The truth is, most if not all of the patient-level data of interest in a disease registry is already recorded in various hospital databases (and perhaps primary care systems also). Namely, electronic medical records and associated data in departments such as pharmacy and radiology. 

Collectively, let’s call all these the electronic health record (EHR). 

The use of EHRs for observational study is not a new idea, and indeed already form the basis of disease registries. But what if instead of a single pull of data for an ad hoc observational study, or a regular review of records for the creation or updating of registry records, the EHR was itself the patient-level record in the registry. 

This is the core proposal here: to bring together EHRs from multiple treatment centres, to be integrated into a unified view that is then updated in real-time. This unified dataset can then not only have all of the analytic capabilities of a registry, but with real-time analytic modules, it can do better. 

Traditionally, the detection of safety or efficacy signals would be performed at pre-specified intervals or after a certain level of power is attained, or perhaps some other criteria. Whatever it is, the point is, it’s often not done in real-time. 

With a constant flow of EHR data, and an analytical module sitting atop the unified dataset, continuously (or something approximating it) monitoring the incoming data flow, such signals can be detected as soon as the criterion for significance is reached.

Similarly, for other requirements, such as monitoring trends in treatment patterns, case load, presenting characteristics and so forth, other analytical modules can provide up-to-the-minute descriptive statistics and be continuously monitoring for pre-defined thresholds to be reached.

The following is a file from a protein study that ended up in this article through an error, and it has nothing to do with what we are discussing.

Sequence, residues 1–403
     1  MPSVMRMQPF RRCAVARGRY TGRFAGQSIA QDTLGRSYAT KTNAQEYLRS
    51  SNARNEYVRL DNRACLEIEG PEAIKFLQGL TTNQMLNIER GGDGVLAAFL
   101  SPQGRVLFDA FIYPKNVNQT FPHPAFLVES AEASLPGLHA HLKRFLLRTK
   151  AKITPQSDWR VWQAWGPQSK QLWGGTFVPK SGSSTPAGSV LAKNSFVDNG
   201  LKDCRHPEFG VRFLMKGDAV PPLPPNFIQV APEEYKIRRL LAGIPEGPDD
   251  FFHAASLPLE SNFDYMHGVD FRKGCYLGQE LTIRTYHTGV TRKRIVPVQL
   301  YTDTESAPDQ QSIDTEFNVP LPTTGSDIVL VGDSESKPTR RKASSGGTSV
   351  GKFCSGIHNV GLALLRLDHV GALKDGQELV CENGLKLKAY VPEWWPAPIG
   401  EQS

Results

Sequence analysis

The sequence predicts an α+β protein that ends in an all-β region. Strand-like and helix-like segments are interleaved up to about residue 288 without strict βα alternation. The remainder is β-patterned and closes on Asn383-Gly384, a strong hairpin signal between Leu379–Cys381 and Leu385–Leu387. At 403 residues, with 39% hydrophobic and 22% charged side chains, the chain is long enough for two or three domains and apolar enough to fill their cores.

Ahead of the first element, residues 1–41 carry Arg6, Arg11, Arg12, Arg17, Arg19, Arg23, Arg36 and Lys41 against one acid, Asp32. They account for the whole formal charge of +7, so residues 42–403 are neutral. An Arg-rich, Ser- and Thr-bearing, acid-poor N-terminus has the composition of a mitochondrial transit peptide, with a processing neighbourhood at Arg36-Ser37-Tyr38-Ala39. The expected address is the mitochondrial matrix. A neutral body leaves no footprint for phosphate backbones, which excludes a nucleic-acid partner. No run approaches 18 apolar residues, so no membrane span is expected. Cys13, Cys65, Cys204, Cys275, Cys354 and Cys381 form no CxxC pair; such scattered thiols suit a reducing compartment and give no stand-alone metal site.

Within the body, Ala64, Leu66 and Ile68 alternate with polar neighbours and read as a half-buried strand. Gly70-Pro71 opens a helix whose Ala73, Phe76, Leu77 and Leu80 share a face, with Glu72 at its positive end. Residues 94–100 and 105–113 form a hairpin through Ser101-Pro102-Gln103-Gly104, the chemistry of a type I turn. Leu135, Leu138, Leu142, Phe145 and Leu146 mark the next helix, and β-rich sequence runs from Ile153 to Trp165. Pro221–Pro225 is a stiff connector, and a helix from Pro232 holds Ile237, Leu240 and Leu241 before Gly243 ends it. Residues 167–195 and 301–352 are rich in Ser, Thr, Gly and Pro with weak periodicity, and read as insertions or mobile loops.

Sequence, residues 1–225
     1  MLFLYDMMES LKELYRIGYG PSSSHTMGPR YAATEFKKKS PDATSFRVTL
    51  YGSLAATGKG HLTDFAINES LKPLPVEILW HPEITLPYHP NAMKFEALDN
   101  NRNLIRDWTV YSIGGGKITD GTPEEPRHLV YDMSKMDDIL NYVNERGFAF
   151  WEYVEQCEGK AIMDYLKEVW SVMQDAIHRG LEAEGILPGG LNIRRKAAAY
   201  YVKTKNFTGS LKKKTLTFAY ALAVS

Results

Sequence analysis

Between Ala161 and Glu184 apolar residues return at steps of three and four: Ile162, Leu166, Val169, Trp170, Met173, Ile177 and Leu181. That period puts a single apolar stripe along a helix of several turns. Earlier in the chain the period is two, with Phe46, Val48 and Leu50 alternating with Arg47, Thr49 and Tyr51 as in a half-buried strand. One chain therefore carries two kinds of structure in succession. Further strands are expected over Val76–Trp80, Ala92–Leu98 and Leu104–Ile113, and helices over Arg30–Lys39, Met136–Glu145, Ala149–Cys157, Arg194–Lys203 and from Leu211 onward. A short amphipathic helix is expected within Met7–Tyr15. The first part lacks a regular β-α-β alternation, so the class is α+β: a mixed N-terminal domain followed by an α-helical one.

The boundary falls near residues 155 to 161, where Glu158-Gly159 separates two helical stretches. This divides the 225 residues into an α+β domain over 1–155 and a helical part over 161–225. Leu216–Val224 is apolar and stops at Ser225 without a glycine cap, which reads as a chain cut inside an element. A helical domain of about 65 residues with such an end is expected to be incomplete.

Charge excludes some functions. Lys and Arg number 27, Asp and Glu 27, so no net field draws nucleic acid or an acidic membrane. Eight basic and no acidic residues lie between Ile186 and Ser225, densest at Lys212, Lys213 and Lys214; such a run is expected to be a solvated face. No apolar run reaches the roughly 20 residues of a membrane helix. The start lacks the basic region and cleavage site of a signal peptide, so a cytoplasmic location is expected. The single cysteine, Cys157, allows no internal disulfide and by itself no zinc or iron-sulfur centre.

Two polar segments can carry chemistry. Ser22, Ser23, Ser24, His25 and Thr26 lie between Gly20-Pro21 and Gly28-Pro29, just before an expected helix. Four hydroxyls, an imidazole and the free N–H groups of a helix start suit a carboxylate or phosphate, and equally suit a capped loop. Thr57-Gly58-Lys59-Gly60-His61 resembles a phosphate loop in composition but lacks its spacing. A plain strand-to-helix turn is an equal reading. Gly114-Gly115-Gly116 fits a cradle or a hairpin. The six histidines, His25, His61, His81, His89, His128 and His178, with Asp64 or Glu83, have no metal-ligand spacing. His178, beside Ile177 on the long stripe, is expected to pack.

For the population-based epidemiologist too, if the dataset is representative, important signals indicating a change in underlying disease risk, or of a factor being confirmed as prognostic, can all be generated in real-time with the right analytics.

All of this is possible with real-time registries. We’ve made it possible at Real World Health in various ways. 

First, with a common data interface, we can pull together EHRs from multiple sites using multiple systems, into a single unified view. 

Second, with a platform architecture, we can add or remove analytical modules easily, as the analytic requirements evolve over time. 

Finally, with an established network of hospitals, the process of gaining consent for data acquisition can be streamlined according to each hospital’s specific data acquisition process. 

At Real World Health, we aim to be able to set up a real-time registry, even for rare diseases requiring a large network of contributing treatment centres, within 12 months, and often less. 

We also want to make the resulting data more accessible, by using a platform architecture and adding a dashboard interface, all that’s needed is a software license. 

We hope the real-time registry concept will gain traction among both industry and academia, and thereby expedite medical research, especially into rare and orphan diseases, and have a measurable impact on patients’ lives.